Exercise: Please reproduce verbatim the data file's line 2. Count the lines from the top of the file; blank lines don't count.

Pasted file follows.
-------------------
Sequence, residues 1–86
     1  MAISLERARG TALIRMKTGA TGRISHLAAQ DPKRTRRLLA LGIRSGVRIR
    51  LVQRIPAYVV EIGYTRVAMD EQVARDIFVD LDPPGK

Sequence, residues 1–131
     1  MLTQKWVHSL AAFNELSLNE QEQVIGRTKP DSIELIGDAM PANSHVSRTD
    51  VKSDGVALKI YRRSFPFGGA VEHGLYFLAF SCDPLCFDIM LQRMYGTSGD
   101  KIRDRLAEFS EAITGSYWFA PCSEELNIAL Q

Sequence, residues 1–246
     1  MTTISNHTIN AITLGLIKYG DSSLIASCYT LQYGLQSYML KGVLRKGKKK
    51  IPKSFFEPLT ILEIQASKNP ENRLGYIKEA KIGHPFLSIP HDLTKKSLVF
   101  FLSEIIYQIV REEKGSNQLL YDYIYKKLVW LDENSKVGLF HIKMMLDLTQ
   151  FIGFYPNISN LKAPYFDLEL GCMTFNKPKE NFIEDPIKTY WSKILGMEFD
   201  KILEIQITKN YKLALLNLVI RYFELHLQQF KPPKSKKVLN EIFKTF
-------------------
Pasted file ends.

     1  MAISLERARG TALIRMKTGA TGRISHLAAQ DPKRTRRLLA LGIRSGVRIR